Lye, Eugene Francis (1974) The relative importance of the aerobic, anaerobic and efficiency components to a one minute maximum performance. Masters thesis, Memorial University of Newfoundland.
PDF (Migrated (PDF/A Conversion) from original format: (application/pdf))
- Accepted Version
Available under License - The author retains copyright ownership and moral rights in this thesis. Neither the thesis nor substantial extracts from it may be printed or otherwise reproduced without the author's permission.
This study was done to determine the relationship of the following factors; -- (1) Anaerobic component -- (2) Efficiency component -- and (3) Aerobic component -- to a one minute maximum performance. -- The sample (N = 20) was subjected to two tests, a maximum, oxygen consumption test and a one minute maximum performance (MMP) test. In addition to these tests, age, height, weight and percentage body fat were obtained. -- All oxygen consumption and work values were expressed as ml. and Kgm respectively per Kg of body weight. Efficiency was defined as work done in Kgm/ml oxygen consumed. -- Spearman's rank correlation coefficients and t-tests for paired samples were employed in the statistical analysis of the data. Significant correlations ( at .01 level) were obtained for the relationships of oxygen debt and anaerobic work to the one minute maximum performance. Significant differences were found between aerobic and anaerobic work and between aerobic and anerobic efficiency. -- It was concluded that, (1) oxygen debt tends toward a positive relationship with MMP; (2) anaerobic work has a positive linear relationship with MMP; (3) ability to work anaerobically is more important to attaining a high MMP than ability to work aerobically; (4) Aerobic efficiency during MMP is significantly higher (.05 level) than anaerobic efficiency; and (5) all of the components - aerobic, anaerobic and efficiency, make some contribution to the MMP.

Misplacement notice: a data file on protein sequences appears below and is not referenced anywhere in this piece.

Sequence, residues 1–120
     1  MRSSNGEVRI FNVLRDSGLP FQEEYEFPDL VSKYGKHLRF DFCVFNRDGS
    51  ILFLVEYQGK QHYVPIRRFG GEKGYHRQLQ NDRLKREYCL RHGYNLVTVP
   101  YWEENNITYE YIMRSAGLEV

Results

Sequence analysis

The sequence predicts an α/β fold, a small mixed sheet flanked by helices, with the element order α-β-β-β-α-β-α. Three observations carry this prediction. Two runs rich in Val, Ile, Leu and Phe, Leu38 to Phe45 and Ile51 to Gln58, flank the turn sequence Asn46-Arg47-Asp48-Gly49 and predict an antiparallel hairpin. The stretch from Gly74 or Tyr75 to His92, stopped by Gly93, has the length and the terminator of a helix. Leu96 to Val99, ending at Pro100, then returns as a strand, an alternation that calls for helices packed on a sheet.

|Item Type:||Thesis (Masters)|
|Additional Information:||Bibliography: leaves 33-36.|
|Department(s):||Human Kinetics and Recreation, School of > Physical Education|
|Library of Congress Subject Heading:||Exercise--Physiological aspects|
Actions (login required)